Always watch the enemy's turn replay to avoid surprises. The replay speed can be adjusted via bar menu. Replay can also be paused via F9 button. Ask for your opponent politely to turn off on-map results so you understand what's going on and what happens during enemy's melee phase. This will also provide some info on the headcount of the enemy formations involved in melee and can be used in your planning to counter attack them during your melee phase.
(RH) I personally only watch replays when the battle really get's hot, or there is some key intel I wish to glean - such as suspected enemy activity far away that I have set units up to spot. There's a few reason for this - it shortens the amount of time I have to allocate to playing a turn - and time always seems to be an issue these days, but additionally I feel that we already have an exponentially larger amount of data available to us than our historic counterparts - so this adds an extra level of Fog of War to the situation. I also exclusively use "On Map Results" when I play for the same reasons. :-)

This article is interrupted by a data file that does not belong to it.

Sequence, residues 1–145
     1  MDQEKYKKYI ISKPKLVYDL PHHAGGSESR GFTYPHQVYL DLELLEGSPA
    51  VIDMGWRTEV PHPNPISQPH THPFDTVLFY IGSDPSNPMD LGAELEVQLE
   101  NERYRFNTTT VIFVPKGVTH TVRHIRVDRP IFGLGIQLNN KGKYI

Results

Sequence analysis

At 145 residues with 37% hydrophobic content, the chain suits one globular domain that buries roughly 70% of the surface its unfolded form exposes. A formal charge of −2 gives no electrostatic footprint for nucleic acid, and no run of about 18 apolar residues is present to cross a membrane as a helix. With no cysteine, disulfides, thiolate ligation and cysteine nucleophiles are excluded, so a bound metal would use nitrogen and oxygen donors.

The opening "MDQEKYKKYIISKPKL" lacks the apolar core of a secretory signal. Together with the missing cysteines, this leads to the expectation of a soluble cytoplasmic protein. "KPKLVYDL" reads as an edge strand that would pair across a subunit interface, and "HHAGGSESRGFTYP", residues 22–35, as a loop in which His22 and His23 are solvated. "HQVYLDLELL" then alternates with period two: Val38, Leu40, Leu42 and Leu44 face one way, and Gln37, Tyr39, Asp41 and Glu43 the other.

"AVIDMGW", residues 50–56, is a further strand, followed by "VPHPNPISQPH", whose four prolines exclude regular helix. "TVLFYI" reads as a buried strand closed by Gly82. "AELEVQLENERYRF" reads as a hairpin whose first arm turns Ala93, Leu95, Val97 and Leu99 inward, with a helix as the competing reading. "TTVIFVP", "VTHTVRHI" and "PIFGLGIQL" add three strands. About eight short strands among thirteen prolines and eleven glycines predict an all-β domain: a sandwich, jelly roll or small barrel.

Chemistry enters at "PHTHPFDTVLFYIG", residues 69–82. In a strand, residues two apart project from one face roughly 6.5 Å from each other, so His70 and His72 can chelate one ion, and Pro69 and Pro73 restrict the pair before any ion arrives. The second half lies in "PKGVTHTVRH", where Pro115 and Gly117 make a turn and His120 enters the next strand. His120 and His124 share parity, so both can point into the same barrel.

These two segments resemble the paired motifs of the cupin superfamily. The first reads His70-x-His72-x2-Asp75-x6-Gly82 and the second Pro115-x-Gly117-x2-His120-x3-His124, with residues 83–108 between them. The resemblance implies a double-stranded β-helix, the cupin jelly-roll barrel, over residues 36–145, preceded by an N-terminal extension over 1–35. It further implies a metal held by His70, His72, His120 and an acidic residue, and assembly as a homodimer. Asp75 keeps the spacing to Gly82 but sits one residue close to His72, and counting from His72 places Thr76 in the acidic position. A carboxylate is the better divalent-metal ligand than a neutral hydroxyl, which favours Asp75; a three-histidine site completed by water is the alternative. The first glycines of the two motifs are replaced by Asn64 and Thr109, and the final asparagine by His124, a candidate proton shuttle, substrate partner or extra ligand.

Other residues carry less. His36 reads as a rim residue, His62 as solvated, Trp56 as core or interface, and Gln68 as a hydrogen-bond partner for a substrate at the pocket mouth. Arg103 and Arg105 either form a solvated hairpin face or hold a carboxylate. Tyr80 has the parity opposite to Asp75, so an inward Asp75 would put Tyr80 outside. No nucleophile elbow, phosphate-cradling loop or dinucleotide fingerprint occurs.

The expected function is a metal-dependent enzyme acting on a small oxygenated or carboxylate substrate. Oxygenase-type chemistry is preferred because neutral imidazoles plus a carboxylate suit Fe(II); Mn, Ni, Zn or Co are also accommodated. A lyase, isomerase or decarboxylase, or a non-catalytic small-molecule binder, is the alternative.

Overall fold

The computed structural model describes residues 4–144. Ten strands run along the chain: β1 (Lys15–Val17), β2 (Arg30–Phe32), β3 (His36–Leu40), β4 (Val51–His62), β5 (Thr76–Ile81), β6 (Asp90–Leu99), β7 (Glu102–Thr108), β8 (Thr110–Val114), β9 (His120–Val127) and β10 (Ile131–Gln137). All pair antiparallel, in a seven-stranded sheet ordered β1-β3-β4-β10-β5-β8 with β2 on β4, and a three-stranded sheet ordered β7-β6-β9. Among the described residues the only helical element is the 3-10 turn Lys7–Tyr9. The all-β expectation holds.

8. Systematic Turn Execution: Avoid “I forgot” Mistakes
Develop a habit of systematically going through your line, ie starting from the left flank to the right. Use the "Next Stack" (N hotkey) button to ensure nothing is missed or forgotten. Ideally each turn, you should move from division to division wearing a hat of a divisional commander and reassessing the tactical situation in divisional sector.
9. Master the Mechanics: Engage in the Melee Outcome Dialogue
Understanding morale checks, fire and melee calculations is like understanding what happens under the hood. There are formulas behind melee, Fire Power results, and morale checks, all detailed in the manual. Try turning off on-map results and focus on the FP/melee result dialog. While not necessary, those who want to go deeper can crunch the numbers in reverse to grasp how melee calculations work. As you gain experience and understand the modifiers, you'll develop a feel for melee odds. A skilled player should be able to assess their forces and the situation to get a good idea of their chances of success.